While all of our students have different personalities and gifts, it has been good to see how they have grown and been stretched by opportunities to work together. Some students have a tendency to just want to get their work done on their own as quickly as possible. I have been praying that God will use this unique educational situation to provide opportunities for us all to learn about working together and how we can help one another grow, both in school and in life.
"As iron sharpens iron, so one man sharpens another." (Proverbs 27:17)I have seen some practical examples of this verse in our little school. Last school year one of our students broke his arm. He was unable to write for several weeks. During that time, he worked together with another student in his grade level on all of their daily math assignments. As they were forced to work together and discuss how to solve the problems, I found that they both began scoring higher on tests (which they took separately). While they were working on their daily assignments together they were able to help catch each others mistakes without much conflict too. :) Praise God!
In recent weeks Elijah and Hayden have been working really well together on their math assignments. I often find that they don't need much supervision or instruction from me because they are able to help each other. (They are also both pretty quick to understand new math concepts.) As I was reviewing my student's progress I realized that these two boys are making great progress in math, and I attribute much of their success to the way they are working together.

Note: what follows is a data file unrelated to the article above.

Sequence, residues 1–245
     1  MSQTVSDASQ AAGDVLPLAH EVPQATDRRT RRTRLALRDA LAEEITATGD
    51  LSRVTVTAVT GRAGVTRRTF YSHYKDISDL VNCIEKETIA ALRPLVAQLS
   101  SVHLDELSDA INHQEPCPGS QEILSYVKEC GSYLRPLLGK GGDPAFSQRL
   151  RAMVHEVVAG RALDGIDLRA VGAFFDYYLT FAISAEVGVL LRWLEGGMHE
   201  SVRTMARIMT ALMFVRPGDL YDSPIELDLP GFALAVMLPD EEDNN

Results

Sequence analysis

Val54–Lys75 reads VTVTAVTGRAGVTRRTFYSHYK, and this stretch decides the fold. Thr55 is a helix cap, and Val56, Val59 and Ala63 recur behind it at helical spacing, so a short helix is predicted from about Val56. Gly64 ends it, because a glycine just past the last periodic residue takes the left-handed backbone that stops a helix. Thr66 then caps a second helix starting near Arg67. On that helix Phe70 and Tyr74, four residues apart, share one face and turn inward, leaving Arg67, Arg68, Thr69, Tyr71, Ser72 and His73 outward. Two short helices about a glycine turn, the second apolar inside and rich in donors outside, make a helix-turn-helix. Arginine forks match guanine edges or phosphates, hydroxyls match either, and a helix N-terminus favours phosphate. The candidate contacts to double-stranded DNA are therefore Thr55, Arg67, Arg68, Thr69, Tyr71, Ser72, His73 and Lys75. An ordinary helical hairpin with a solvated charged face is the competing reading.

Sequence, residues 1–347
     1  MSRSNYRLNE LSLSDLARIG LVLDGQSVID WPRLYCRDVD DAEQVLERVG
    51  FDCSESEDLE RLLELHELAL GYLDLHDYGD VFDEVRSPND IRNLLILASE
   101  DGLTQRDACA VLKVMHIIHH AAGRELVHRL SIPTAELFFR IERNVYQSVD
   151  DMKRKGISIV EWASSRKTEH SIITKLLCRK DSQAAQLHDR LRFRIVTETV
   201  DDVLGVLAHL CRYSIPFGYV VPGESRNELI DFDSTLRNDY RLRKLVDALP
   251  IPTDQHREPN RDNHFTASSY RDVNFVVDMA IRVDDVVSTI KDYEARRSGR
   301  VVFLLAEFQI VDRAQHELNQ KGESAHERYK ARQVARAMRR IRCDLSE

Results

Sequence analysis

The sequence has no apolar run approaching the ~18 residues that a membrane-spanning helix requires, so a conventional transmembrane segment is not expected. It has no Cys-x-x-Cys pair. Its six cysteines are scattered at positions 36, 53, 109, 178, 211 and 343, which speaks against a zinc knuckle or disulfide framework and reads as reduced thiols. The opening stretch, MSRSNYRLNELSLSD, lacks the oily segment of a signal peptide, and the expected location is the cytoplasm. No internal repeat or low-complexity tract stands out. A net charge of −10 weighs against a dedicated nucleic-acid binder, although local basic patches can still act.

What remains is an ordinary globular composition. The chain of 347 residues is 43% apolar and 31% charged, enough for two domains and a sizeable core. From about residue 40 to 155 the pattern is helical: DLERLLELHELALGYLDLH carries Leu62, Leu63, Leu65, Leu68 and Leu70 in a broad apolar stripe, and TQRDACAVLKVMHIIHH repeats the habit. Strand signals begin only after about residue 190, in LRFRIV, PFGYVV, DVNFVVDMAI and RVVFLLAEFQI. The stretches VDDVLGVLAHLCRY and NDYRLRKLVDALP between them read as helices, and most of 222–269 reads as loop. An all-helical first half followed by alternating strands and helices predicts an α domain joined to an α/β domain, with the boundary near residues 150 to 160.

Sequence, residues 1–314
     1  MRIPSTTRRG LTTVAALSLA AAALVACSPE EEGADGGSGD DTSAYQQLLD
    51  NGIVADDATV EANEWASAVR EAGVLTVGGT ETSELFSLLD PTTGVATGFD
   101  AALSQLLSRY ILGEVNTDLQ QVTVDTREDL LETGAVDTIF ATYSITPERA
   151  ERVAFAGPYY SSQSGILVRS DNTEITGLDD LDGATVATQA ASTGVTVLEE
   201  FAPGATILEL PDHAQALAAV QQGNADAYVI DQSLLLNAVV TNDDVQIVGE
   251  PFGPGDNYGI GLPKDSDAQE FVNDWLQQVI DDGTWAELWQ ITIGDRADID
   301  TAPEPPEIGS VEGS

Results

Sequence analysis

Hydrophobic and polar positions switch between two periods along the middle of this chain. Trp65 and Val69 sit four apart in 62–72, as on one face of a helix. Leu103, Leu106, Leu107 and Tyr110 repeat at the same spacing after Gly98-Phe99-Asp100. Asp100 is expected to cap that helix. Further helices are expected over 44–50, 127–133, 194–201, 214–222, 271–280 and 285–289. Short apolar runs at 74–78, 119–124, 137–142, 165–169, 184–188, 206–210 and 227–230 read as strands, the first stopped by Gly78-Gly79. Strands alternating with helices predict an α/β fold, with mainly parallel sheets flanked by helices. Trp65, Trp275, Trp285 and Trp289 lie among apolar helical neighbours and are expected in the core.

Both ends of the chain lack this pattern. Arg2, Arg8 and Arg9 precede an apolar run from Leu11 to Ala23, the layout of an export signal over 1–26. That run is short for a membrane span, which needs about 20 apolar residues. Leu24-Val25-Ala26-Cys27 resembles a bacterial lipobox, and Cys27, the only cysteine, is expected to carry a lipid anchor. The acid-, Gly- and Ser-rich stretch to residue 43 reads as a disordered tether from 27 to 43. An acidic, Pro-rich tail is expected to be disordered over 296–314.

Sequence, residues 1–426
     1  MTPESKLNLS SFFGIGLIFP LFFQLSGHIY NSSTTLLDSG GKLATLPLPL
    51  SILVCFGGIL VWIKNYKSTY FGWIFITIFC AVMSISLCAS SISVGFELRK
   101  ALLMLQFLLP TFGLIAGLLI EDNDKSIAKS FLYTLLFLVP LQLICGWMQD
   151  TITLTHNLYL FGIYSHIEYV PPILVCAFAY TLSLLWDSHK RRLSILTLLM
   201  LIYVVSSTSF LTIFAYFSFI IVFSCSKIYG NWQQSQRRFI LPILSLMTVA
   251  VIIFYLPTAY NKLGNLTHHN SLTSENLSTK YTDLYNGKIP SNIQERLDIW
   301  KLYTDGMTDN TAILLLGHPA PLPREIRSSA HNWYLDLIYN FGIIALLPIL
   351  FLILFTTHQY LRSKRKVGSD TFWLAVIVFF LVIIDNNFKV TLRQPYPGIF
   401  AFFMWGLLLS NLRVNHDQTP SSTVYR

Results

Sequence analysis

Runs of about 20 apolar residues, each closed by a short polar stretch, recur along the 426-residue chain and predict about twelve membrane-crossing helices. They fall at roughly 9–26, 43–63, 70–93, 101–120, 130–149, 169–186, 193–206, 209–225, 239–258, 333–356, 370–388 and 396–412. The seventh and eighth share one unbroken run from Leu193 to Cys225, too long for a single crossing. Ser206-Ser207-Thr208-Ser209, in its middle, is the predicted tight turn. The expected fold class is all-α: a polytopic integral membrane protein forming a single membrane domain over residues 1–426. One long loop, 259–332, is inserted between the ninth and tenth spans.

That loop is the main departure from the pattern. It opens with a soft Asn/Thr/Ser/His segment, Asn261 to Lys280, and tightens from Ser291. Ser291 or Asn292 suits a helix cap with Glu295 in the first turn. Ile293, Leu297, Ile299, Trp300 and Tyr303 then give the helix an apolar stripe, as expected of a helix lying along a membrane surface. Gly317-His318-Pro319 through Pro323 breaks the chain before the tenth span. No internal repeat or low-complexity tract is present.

I was talking with the 4 high school girls about this issue during our hour long class together which we have recently renamed "Algebra-Discipleship." During this hour I get to do some of my favorite things, talk about Algebra 1 and Algebra 2, and talk about living life to glorify and enjoy God with teenage girls. It is easy for many of us to want to be self-sufficient and independent. But God reminds us that it is "not good for man to be alone." (Genesis 2:8) It is often hard for us to admit that we need the help of others and even of God. When I find myself trying to solve problems on my own rather than praying or asking for prayer or help from others, I realize that I am falling back into the trap of the pride of self-sufficiency. It is a grace when I find myself to weak to accomplish something on my own. The joy of the Christian life is not that I am able to do it all and accomplish it all. It is that my Saviour has accomplished it for me. I can rest in Him and learn to run to him each moment I find myself weak and insufficient.
"My grace is sufficient for you, for my power is made perfect in weakness." (2 Corinthians 12:9)
In my relationships with my friends in the village, I have realized that they do not need to see me as the person who has it all together and can help. Instead I want them to realize that I am a weak broken sinner who has much to learn. It has been great to have them help me learn Luganda. These new friends find great pleasure in my weak attempts at learning their language. They are helping me and teaching me. They are also teaching me about Ugandan culture. I have often received gift from these neighbors, but yesterday their gifts were large. Elijah was with me and they gave us several large sugar canes. I was not sure how I would carry it all home. They amazed me as they used banana fibers to tie the canes together and banana leaves to make a circle to cushion the weight of the canes and help balance them on my head. They also lent me a scarf and wrapped it on my head. I was told that I am now a real "muganda." I enjoyed learning from them and trying to balance the canes on my head. I still need to use a hand for balance, at least for now. It seemed like the whole village was watching and laughing as I was trying to learn how to do something that all of their 5 year old girls can do.